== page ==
would still see China absorb the entire available additional coal.
Add to this India's growing imports as domestic output continues to fall short of target, and there is the potential for the coal market to tighten throughout the year.
Cold weather in India may push up imports by half in January to 16 million tonnes from a year earlier, according to trade sources.
Already, India has imported 90 million tonnes from April to November, a gain of 27 percent over the same period in 2011, and the signs are that this growth rate will accelerate further over the whole financial year to end March.
It seems for now the coal market doesn't believe the rising demand from China and India is sustainable, or that supply will increase by more than expected.
It's also probably the case that China's appetite for imports is because prices are low, making imported coal competitive with domestic supplies.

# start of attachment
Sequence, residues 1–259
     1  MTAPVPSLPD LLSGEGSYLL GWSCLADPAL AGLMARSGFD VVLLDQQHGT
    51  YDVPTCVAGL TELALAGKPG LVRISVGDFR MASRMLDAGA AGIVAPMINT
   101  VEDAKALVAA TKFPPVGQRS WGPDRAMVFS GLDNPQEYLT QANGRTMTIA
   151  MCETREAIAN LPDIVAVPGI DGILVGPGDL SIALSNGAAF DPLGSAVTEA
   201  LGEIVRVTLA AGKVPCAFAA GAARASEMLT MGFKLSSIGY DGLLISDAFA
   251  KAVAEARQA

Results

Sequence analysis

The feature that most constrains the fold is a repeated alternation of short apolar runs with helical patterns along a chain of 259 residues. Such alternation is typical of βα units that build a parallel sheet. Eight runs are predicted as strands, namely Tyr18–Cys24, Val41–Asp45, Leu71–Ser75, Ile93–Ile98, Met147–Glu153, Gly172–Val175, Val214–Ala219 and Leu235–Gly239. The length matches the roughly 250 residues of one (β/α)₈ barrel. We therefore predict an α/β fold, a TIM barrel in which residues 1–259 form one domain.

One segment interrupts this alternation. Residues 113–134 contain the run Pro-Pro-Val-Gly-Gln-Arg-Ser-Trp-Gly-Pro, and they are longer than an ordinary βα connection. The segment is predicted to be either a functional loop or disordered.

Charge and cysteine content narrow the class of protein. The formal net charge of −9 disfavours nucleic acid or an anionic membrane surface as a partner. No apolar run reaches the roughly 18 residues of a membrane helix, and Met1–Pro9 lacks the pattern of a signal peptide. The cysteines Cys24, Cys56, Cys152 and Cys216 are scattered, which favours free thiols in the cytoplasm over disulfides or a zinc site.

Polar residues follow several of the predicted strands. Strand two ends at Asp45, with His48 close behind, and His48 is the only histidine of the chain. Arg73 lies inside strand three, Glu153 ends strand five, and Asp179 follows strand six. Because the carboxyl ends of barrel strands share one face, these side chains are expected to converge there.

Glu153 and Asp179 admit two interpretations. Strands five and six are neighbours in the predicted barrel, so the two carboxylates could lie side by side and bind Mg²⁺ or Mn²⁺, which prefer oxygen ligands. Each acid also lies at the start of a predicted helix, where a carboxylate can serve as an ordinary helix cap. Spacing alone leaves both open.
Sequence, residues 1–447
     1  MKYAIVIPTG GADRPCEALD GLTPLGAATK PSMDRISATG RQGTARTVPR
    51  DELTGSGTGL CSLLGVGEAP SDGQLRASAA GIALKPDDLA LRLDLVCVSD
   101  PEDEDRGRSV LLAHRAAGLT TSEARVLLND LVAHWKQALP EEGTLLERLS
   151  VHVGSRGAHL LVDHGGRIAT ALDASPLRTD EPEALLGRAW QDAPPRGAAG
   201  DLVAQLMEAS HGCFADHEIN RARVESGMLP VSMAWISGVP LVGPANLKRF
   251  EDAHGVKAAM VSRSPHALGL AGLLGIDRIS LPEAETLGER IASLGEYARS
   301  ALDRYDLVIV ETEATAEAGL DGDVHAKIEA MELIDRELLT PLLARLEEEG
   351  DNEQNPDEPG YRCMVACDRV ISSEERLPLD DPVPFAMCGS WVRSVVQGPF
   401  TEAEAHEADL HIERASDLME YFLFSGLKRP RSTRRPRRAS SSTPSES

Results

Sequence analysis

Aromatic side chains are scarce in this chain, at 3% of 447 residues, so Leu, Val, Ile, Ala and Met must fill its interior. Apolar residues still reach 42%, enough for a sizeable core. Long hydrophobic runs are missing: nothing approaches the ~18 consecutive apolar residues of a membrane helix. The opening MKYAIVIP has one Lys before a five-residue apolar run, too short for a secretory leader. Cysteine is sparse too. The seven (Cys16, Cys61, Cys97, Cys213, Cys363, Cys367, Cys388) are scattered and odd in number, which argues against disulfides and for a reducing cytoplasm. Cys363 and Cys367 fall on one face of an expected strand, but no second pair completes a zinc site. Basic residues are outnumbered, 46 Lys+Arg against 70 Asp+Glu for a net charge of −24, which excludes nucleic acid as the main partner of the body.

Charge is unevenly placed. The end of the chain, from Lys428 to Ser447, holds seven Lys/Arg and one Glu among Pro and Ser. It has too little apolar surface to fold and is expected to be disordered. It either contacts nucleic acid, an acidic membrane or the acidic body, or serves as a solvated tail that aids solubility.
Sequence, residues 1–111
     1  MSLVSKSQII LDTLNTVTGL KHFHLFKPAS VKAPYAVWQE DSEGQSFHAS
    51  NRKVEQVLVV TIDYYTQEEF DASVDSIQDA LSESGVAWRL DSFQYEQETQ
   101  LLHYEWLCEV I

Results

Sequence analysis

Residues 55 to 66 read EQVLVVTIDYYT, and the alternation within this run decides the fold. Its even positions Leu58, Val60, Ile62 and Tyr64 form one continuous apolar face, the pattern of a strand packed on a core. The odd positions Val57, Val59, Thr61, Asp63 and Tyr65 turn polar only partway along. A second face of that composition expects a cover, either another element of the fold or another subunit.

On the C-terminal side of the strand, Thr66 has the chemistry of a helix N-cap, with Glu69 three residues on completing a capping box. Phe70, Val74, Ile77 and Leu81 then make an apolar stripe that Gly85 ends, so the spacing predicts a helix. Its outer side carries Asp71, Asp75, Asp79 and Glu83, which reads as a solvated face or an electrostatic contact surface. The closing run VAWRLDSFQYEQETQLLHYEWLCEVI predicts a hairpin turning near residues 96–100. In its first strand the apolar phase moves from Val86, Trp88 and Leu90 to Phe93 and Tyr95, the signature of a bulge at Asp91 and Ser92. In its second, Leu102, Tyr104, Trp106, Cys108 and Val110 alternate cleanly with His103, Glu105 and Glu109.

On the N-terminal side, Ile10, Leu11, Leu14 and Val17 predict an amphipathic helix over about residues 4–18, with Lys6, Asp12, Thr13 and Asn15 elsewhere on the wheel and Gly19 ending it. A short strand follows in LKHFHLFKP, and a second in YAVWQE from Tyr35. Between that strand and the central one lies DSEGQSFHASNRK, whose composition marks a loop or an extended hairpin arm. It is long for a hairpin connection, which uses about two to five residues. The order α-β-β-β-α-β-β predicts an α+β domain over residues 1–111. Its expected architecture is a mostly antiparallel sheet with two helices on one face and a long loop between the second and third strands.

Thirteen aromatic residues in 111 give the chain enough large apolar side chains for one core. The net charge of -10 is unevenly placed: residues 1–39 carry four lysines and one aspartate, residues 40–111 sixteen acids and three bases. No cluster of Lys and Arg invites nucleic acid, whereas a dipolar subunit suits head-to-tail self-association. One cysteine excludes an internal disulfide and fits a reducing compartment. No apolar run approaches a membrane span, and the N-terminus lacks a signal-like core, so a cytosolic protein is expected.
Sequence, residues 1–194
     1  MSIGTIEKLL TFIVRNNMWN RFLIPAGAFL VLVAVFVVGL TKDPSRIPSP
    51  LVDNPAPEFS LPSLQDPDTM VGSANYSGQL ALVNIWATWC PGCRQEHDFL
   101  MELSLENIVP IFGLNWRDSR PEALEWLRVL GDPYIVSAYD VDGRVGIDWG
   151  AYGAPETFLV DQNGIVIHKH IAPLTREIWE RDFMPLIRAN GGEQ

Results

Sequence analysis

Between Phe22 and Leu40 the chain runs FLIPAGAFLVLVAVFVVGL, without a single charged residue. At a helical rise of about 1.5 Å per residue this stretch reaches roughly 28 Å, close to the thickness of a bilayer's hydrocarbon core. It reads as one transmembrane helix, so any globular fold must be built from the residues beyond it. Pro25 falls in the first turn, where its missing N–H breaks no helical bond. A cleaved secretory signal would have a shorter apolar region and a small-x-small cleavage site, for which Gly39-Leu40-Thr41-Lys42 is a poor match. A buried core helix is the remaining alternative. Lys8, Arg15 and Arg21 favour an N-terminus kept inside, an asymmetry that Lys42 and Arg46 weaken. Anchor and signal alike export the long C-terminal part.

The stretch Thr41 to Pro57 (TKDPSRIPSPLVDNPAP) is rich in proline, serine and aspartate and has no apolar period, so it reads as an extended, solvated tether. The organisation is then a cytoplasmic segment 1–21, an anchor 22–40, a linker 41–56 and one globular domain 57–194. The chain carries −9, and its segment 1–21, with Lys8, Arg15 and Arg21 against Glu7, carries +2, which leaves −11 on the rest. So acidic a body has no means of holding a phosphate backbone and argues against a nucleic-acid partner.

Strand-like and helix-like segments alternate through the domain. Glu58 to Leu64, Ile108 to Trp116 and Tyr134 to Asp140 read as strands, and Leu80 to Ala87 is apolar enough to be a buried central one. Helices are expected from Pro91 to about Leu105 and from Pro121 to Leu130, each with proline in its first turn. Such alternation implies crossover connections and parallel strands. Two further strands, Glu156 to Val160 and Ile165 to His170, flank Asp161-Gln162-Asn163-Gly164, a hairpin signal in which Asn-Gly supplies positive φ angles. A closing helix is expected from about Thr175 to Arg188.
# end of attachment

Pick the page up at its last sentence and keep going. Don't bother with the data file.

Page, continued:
Looking at the breakdown of China's coal imports shows that higher quality supplies have been gaining, with Australia supplying almost one-third of December's volumes.
Australia shipped 9.7 million tonnes to China in December, a gain of 165 percent on the year-earlier month, taking the increase for the whole of 2012 to 82.6 percent.
In contrast, Indonesia managed to increase exports to China by 5.3 percent in 2012, just managing to hold onto its status as the top supplier.
Australian coal generally has more energy and is cleaner burning that the more low-rank supplies from Indonesia, so it appears that Chinese buyers are taking advantage of low regional prices to change to buying better quality coal.
This implies that currently the good export volumes being achieved are a function of the low prevailing prices, and even if prices do rise, there may well be a pullback in both Chinese and Indian demand for seaborne coal.